Personnel: Marcus Miller: bass, fretless bass (5), bass clarinet (5, 10), acoustic bass (5); Louis Cato: drums, djembé (3), conga (11); Kris Bowers: piano (1, 4, 12), Fender Rhodes (1, 11); Adam Agati: guitar (1, 7, 8, 11, 12); Alex Han: alto saxophone (1-12); Maurice Brown: trumpet (1, 3, 11), muted trumpet (4); Federico Gonzales Peña: Fender Rhodes (2, 5, 9), piano (2, 3, 5-8, 10); Adam Rogers: guitar (1, 4, 6, 9), acoustic guitar (2, 10); Sean Jones: trumpet (2, 4, 6, 9); Gretchen Parlato: vocals (5); Ruben Blades: vocals (5); Ramon Yslas: percussion (4, 5, 7, 8); Bobby Sparks: organ (4, 6, 9), clavinet (9); Paul Jackson, Jr.: guitar (11); Dr. John: vocals (12).
Record Label: Concord Music Group
AllMusic Review by Thom Jurek [-]
Marcus Miller's career as a sideman, composer, and producer in jazz, R&B, and pop has been prolific. He's continuously pushed boundaries in order to blur and integrate genres. Renaissance is his first studio recording in five years (Free was released in 2007 in Europe and Japan, then re-released in the United States as Marcus in 2008). Renaissance's title reflects the idea that music needs a rebirth to keep up with the creative possibilities afforded by technology, and to reflect the ever-shifting, politically charged cultural landscape. The manner in which he posits this is anything but theoretical, however. Renaissance may be the most emotive offering in Miller's catalog. Groove and firepower are near constants here. Jazz-funk, R&B, rock, post-bop, club-jazz, and more come together in a wide-ranging collection that is deeply focused and expertly sequenced. Using a revolving cast whose core is alto saxophonist Alex Han, guitarist Adam Agati, and keyboardist Federico Gonzalez Peña, guests include trumpeters Maurice Brown and Sean Jones, organist Bobby Sparks, and more. Things get off to a skittering start on "Detroit," with Miller's bass riding heard over a knotty jazz-funk groove. Louis Cato's drums accent breaks in key sections, the souled-out horns highlight the choruses, and Agati's guitar nastily accents it all while Han's alto solo is a monster. The cover of "Slipping Into Darkness" melds Kris Bowers' piano and Sparks' organ with hand percussion, both trumpets, and Miller's funky reggae groove. The melody accents syncopation on the backbeat before weaving Bob Marley's and Peter Tosh's "Get Up, Stand Up" in as a logical yet surprising extension. Bowers' knotty piano solo illustrates the wide possibilities for jazz improvisation. "Jekyll & Hyde" combines alternate passages of elegant, soulful contemporary jazz with riff-driven rock as Agati and Miller complement and push one another. "Revelation" is a rumbling modal jam with funky highlights and fine soloing by Han. "Gorée (Go-ray)," with Miller on bass clarinet, is a lilting, post-bop ballad with lovely melodic interplay; it was inspired by his visit to the House of Slaves on Gorée Island, his feelings standing inside and reflecting on the horror of the slave experience. It's emotional quality contains numerous dimensions. It is a meditation on how the ends of the lives of these slaves as they knew them also birthed of the African-American experience, one of continued struggle that culturally evolved and transfromed into diverse musical forms that bore witness to tragedy but also triumph as the art created from this history has brought joy and meaning to individuals and societies across globe. Its tenderness and equanimity tells the whole story. "Cee-Tee-Eye," while a thoroughly contemporary jazz tune, pays excellent tribute to the inspiration of Creed Taylor's label. The set closer, a simple reading of "I'll Be There," showcases the bassist's gift for lyricism and understatement. Renaissance is a lofty title, but the inspired performances Miller puts on offer get very close to delivering on the ambition it promises.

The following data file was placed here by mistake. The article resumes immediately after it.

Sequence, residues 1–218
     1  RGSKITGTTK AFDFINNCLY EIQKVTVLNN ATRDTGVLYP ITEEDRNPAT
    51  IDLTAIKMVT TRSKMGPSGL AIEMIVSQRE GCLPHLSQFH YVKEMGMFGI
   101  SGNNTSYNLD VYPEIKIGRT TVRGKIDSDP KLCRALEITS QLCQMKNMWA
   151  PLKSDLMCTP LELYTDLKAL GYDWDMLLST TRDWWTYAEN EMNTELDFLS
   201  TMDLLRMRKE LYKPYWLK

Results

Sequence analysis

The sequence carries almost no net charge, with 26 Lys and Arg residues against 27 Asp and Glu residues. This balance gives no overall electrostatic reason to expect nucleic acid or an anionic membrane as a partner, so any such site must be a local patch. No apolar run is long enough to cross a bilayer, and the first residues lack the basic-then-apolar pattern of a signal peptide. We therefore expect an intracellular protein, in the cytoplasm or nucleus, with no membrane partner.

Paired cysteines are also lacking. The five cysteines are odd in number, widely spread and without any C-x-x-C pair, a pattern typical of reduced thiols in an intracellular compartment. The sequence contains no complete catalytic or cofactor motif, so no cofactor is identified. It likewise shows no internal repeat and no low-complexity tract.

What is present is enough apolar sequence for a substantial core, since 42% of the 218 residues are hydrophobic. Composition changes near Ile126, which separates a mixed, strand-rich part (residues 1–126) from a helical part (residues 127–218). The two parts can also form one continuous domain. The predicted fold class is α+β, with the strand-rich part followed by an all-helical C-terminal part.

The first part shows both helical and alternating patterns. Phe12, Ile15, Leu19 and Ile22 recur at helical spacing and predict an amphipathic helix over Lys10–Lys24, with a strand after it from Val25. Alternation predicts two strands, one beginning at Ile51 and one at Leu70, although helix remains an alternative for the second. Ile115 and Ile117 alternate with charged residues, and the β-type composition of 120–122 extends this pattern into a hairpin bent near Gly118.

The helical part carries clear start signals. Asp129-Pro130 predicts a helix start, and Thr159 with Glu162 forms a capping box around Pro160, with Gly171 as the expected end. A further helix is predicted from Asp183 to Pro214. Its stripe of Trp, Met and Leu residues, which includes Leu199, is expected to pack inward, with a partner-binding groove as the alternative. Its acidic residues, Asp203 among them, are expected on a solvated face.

Marcus Miller - bass, fretless bass, bass clarinet, acoustic bass
Louis Cato - drums
Kris Bowers - piano, fender rhodes
Adam Agati - guitar
Alex Han - alto sax
Maurice Brown - trumpet
Federico Gonzales Pena - fender rhodes, piano
Adam Rogers - guitar, acoustic guitar
Sean Jones - trumpet
Gretchen Parlato - vocals
Ruben Blades - vocals
Ramon Yslas - percussion
Bobby Sparks - organ
Paul Jackson, Jr. - guitar
Dr. John - vocals
01. Detroit [5:46]
02. Redemption [6:09]
03. February [4:15]
04. Slippin' Into Darkness [9:17]
05. Setembro (Brazilian Wedding Song) [feat. Gretchen Parlato & Ruben Blades] [6:39]
06. Jekyll & Hyde [6:30]
07. Interlude - Nocturnal Mist [1:16]
08. Revelation [4:46]
09. Mr. Clean [5:01]
10. Goree (Go-ray) [5:38]
11. Cee-Tee-Eye [7:39]
12. Tightrope (feat. Dr. John) [5:46]
13. I'll Be There [3:48]